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Why Your Middle School Kid Needs a Bank Account

By Motley Fool Staff - Oct 9, 2017 at 4:42PM

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With interest rates so low, it's a harder lesson to teach, but it’s worth the effort.

In this Motley Fool Answers video segment, Alison Southwick and Robert Brokamp are joined by personal finance guru, journalist, and author Beth Kobliner, whose most recent best-seller is Make Your Kid A Money Genius (Even If You're Not): A Parents' Guide for Kids 3 to 23. It offers a raft of straightforward advice for teaching your children the skills and habits that will lead them to lifelong financial stability. But since one podcast can't sum up a whole book (guess you may have to buy it), they'll focus on one fundamental concept: how to get your children into the habit of saving. For the tweens, a good place to start is with a good old-fashioned trip to the bank.

A full transcript follows the video.

This video was recorded on Sept. 12, 2017.

Alison Southwick: Let's move on to middle school. What can you do to help a middle schooler understand saving?

Beth Kobliner: I'm a real believer, first of all, in opening a bank account for a kid, middle school or younger. Right now, of course, interest rates are still so low, although they're rising a little bit. So maybe you can find 1%. There's some banks that give a little higher rate if it's a kid's account, so shopping around helps. But also going to an online bank if a kid is really interested.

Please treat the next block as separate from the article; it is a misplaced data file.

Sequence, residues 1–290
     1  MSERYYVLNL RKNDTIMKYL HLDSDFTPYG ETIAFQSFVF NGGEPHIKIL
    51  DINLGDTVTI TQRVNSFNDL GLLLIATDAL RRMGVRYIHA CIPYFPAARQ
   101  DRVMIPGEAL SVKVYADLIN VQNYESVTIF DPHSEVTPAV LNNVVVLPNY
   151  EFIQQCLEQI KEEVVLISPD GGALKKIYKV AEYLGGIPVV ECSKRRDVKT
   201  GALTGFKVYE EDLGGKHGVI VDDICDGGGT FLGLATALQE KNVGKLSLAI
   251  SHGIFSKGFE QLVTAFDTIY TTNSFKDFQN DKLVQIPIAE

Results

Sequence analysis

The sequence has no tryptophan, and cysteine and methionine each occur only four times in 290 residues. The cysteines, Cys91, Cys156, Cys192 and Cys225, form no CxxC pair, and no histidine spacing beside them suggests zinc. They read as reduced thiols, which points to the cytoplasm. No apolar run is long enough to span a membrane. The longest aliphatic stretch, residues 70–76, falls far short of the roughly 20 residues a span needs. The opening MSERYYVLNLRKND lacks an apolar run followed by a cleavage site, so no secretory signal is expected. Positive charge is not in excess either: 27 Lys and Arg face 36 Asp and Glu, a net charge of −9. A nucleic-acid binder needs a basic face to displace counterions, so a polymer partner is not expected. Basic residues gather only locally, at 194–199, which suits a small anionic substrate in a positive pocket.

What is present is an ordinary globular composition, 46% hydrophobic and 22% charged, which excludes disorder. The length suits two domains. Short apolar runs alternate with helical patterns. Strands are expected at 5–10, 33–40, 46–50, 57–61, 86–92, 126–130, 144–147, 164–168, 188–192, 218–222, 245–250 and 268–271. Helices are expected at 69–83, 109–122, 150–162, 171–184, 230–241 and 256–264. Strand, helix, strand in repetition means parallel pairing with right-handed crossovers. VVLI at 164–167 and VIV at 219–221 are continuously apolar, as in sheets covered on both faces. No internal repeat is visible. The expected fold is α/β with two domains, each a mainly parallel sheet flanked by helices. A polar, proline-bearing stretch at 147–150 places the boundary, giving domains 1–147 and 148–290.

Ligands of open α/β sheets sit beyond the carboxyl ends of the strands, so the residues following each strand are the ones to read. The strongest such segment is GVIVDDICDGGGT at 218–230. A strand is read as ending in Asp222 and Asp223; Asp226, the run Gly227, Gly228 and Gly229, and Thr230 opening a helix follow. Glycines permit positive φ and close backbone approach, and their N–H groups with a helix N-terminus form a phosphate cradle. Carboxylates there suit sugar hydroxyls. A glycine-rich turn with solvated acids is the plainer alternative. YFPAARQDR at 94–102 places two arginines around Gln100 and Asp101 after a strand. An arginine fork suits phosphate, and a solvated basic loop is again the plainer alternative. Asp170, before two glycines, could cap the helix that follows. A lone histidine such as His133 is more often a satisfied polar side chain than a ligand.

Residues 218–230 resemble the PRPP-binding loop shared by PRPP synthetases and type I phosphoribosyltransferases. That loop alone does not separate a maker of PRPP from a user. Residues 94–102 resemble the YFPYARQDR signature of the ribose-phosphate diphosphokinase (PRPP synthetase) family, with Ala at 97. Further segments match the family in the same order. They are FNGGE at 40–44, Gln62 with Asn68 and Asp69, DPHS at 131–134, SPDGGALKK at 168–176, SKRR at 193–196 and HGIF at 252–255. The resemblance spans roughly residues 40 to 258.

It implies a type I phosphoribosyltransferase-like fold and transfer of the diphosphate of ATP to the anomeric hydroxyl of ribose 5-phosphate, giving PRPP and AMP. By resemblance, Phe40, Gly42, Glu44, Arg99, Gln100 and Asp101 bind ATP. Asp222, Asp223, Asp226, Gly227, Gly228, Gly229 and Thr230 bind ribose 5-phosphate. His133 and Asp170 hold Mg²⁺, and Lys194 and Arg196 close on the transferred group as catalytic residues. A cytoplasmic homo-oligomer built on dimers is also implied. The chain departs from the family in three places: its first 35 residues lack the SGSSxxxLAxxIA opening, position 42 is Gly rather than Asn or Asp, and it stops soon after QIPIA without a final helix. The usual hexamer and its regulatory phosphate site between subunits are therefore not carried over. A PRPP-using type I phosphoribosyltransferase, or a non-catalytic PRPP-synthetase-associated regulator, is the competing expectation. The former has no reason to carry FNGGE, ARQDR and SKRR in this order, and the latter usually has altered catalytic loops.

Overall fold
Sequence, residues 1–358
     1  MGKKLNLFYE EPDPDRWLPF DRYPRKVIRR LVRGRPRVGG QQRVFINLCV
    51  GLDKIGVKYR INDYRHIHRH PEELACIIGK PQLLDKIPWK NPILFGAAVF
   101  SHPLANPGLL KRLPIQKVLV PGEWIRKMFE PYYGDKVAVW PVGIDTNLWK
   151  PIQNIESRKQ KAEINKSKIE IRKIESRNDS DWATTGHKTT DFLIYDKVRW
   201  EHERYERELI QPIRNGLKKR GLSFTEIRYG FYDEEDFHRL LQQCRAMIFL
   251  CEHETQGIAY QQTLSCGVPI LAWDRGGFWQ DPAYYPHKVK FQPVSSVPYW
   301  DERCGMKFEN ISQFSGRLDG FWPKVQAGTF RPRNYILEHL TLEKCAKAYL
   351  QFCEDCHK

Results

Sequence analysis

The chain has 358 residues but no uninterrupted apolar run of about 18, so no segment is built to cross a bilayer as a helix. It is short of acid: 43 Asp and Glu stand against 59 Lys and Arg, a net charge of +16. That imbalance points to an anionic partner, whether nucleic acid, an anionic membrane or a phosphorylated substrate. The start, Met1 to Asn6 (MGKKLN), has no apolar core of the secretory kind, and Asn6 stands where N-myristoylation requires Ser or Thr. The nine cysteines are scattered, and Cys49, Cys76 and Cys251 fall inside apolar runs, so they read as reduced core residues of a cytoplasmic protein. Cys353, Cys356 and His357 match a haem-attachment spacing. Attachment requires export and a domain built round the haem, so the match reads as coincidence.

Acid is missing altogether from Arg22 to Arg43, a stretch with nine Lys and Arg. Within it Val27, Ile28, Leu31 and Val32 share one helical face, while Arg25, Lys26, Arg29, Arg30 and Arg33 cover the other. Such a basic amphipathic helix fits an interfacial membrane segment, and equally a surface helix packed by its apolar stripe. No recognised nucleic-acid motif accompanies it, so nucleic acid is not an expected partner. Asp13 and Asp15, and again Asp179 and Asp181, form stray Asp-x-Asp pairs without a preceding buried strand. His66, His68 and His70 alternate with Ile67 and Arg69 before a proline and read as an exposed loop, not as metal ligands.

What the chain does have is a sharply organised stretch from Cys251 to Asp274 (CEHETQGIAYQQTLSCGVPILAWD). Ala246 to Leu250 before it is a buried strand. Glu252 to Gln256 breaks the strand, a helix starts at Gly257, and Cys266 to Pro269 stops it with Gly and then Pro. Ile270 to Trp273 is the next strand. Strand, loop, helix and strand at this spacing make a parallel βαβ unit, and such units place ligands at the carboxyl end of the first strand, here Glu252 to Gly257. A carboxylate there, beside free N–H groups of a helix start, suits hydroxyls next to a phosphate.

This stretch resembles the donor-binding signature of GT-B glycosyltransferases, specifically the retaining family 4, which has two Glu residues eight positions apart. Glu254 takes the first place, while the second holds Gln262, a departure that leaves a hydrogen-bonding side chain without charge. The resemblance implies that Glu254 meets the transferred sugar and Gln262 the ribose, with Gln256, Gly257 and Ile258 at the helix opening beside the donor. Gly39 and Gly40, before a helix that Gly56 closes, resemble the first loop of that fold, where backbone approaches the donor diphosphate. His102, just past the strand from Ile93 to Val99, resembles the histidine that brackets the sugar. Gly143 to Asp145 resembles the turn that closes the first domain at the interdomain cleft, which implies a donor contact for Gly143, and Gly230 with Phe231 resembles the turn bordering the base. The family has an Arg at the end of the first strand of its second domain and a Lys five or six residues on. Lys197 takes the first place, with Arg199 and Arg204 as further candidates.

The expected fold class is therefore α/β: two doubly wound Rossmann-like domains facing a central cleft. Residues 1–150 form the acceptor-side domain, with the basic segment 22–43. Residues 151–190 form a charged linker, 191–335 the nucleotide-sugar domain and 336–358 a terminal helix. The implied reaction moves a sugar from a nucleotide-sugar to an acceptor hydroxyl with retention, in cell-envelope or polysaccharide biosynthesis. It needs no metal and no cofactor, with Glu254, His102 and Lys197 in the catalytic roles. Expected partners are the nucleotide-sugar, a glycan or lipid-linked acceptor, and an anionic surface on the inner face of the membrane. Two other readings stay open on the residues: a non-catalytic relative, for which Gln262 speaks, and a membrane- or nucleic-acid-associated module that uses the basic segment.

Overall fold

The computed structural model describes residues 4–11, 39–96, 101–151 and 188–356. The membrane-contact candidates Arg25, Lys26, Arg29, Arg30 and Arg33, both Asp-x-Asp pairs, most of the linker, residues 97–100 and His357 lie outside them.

I remember my son when he was little. He was maybe in sixth grade. He asked my husband one night, "Daddy, where does compound interest come from? And how can I get more of it?" Kids love to hear, "OK, well this is half a percent. And that's one percent."

In the end, it's not huge numbers. It was better in the '80s when CDs were at a much higher rate. But still opening a bank account. Feeling like you're a grown-up saying, "We're going to save and we're going to [get] statements." Unfortunately they don't have passbook savings accounts. But you get the statements, and seeing that money grow is empowering, even if it's just putting money into it.

I have memories, and I've said this at every talk I've ever given in the last year on a book tour. I say, "Who remembers opening their bank savings account?" And so many people 35 and up raised their hand and smiled. "Yeah, I remember. I opened my bank account." I think [it's important to make] that a real thing for kids because now, of course, it's all done online and it sort of becomes meaningless. I think being mindful of saving and talking about it can be somewhat motivating for many kids.

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